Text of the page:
I'm studying regular expressions from Mastering Regular Expressions, 3rd Edition, and I've come across the statement that
$ is a bit more complex than
^, which surprised me as I thought they were "symmetrical", except when they are escaped to mean their literal counterparts.
In fact, at page 129, their description is slightly different, with more words spent in favour of
$; however I'm still confused about it.
^, only two clear alternatives are described:
^matches at the beginning of the text being searched, and, if in an enhaced line-anchor mode, after any newline. [...]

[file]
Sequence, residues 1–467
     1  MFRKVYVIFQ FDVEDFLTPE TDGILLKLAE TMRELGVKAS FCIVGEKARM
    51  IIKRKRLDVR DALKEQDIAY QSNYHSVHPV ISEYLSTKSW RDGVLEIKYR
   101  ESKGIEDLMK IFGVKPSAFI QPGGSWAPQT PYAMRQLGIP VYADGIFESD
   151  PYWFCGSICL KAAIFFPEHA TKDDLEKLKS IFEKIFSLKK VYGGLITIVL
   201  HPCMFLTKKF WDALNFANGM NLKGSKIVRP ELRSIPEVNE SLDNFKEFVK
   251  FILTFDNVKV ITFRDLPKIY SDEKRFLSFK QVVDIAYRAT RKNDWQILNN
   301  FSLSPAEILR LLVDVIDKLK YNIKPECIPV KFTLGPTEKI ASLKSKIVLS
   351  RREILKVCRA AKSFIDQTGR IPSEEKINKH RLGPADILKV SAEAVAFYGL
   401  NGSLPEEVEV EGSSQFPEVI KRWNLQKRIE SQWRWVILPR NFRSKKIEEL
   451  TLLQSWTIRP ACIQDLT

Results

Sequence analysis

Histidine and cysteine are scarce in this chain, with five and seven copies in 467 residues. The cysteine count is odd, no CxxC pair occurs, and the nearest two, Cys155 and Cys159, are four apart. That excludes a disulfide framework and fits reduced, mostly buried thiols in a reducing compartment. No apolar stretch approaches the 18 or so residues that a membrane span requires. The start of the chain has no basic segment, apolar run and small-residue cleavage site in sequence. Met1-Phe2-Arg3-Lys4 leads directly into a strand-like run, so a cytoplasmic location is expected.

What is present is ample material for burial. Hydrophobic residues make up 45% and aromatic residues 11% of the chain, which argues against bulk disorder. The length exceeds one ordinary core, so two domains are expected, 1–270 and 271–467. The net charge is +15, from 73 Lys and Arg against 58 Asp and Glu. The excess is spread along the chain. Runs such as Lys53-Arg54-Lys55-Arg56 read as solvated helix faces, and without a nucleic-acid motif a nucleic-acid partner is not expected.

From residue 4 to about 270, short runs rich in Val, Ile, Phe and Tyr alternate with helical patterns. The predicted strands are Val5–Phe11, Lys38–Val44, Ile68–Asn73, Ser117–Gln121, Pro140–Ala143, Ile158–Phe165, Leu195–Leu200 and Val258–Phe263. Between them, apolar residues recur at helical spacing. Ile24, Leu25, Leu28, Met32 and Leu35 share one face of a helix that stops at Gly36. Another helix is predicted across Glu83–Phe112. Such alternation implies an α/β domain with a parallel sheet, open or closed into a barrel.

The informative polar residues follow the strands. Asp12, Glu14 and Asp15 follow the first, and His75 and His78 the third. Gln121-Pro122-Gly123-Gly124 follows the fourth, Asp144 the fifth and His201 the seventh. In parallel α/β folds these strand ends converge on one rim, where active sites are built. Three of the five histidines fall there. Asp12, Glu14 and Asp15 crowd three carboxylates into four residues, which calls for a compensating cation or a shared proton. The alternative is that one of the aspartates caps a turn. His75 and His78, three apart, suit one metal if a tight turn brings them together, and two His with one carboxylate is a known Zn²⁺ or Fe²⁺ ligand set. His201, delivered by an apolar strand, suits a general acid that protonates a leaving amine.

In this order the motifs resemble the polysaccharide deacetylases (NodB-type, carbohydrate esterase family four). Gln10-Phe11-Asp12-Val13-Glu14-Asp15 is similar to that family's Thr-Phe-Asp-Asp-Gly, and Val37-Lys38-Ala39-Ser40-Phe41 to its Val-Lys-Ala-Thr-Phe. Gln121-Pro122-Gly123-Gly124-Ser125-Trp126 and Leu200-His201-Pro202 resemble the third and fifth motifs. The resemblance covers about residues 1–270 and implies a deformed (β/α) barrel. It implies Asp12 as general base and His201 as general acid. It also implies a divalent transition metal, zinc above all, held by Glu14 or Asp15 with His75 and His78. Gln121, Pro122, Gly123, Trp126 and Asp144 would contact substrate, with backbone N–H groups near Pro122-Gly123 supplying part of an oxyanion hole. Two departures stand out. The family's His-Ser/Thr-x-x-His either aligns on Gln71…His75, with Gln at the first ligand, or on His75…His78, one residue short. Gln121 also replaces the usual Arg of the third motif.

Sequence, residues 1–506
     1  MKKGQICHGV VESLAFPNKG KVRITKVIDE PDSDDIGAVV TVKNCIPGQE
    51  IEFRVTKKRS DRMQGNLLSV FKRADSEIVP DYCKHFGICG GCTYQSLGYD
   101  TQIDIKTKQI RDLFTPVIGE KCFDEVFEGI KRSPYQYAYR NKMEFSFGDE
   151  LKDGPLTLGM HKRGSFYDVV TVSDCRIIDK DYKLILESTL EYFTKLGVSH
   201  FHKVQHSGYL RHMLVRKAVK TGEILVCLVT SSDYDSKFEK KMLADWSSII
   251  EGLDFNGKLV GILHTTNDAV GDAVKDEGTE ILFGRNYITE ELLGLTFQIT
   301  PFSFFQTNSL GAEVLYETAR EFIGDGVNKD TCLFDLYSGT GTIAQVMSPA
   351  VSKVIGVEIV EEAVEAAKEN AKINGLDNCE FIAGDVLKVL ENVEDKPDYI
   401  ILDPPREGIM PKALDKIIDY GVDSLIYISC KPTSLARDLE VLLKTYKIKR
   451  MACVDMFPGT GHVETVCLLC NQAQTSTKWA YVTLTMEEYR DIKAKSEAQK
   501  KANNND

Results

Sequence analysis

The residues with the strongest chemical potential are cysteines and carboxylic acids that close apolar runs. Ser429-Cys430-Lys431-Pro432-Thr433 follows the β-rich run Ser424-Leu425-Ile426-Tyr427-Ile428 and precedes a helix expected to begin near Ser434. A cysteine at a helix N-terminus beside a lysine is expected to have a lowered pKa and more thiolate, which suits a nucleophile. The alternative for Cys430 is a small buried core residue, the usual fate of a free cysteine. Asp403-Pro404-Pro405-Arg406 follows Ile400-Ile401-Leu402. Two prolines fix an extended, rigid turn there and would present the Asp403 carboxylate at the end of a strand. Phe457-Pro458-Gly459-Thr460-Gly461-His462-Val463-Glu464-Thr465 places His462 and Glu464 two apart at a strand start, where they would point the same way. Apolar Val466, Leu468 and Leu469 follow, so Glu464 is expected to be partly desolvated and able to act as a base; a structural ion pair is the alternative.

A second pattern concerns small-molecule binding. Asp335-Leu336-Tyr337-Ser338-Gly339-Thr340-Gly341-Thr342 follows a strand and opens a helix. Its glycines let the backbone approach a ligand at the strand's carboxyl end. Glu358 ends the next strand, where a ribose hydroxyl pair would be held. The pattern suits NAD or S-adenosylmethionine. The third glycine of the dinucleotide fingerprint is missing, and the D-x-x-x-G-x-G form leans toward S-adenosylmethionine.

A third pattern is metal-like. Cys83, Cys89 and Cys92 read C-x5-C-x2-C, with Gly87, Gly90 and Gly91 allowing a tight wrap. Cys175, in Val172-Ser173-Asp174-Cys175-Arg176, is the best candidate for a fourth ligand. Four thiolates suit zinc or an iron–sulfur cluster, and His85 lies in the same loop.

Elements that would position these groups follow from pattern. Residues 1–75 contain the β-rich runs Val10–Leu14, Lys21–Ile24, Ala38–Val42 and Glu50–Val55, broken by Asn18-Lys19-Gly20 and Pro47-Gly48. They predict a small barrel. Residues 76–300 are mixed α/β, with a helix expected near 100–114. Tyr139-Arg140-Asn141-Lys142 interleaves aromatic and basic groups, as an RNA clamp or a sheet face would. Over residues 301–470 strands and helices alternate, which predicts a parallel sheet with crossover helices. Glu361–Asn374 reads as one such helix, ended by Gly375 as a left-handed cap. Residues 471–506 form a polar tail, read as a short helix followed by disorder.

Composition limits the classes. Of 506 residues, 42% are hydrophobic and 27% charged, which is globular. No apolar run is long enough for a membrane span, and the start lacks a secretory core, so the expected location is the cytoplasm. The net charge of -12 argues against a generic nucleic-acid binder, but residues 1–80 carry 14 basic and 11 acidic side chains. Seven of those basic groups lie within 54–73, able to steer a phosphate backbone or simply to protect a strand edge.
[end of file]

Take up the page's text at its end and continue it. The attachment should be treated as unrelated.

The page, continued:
- As regards
$, the description is more obscure to me:
$[...] matches at the end of the target string, and before a string-ending newline, as well. The latter is common, to allow an expression like
s$(ostensibly, to match "a line ending with
s") to match
…s<NL>, a line ending with
sthat's capped with an ending newline.
Two other common meanings for
$are to match only at the end of the target text, and to match before any newline.
The latter two meanings seem pretty symmetric to those described for
^, but what about the string-ending newline meaning?
$Matches the ending position of the string or the position just before a string-ending newline. In line-based tools, it matches the ending position of any line.